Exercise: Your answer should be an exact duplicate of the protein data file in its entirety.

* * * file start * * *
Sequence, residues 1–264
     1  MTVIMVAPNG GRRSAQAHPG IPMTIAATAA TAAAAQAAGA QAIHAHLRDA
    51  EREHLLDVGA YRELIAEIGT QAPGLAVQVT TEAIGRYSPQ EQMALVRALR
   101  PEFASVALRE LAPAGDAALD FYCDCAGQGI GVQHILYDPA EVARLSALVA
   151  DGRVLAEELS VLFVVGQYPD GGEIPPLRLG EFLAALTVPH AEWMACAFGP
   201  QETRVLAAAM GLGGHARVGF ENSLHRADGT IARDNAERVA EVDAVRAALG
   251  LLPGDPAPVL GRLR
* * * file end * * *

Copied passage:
Sequence, residues 1–264
     1  MTVIMVAPNG GRRSAQAHPG IPMTIAATAA TAAAAQAAGA QAIHAHLRDA
    51  EREHLLDVGA YRELIAEIGT QAPGLAVQVT TEAIGRYSPQ EQMALVRALR
   101  PEFASVALRE LAPAGDAALD FYCDCAGQGI GVQHILYDPA EVARLSALVA
   151  DGRVLAEELS VLFVVGQYPD GGEIPPLRLG EFLAALTVPH AEWMACAFGP
   201  QETRVLAAAM GLGGHARVGF ENSLHRADGT IARDNAERVA EVDAVRAALG
   251  LLPGDPAPVL GRLR